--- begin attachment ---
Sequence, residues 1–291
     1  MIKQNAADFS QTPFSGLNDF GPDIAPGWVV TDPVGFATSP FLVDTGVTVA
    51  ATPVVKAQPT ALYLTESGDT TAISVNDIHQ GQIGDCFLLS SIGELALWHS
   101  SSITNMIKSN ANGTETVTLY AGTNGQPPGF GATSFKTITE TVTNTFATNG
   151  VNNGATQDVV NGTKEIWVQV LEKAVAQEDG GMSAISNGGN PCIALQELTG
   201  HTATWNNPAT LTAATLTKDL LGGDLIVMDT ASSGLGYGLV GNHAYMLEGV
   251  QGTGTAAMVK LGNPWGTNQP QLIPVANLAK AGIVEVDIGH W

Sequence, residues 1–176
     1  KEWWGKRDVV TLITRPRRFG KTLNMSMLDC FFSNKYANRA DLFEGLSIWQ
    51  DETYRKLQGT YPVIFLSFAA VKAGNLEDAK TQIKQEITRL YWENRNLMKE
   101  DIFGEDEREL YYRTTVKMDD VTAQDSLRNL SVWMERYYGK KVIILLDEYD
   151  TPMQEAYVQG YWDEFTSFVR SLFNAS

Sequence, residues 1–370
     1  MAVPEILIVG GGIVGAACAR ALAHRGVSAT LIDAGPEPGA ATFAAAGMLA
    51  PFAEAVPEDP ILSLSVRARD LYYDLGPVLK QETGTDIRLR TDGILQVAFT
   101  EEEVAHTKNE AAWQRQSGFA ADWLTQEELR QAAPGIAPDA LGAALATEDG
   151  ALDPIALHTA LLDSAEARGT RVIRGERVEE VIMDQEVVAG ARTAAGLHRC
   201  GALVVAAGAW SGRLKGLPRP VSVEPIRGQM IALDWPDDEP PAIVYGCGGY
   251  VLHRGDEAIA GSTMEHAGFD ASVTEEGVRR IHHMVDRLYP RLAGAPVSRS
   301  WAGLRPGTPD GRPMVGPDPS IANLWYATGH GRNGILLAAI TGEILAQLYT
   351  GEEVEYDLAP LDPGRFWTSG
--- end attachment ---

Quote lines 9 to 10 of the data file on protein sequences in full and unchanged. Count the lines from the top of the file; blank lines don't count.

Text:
     1  KEWWGKRDVV TLITRPRRFG KTLNMSMLDC FFSNKYANRA DLFEGLSIWQ
    51  DETYRKLQGT YPVIFLSFAA VKAGNLEDAK TQIKQEITRL YWENRNLMKE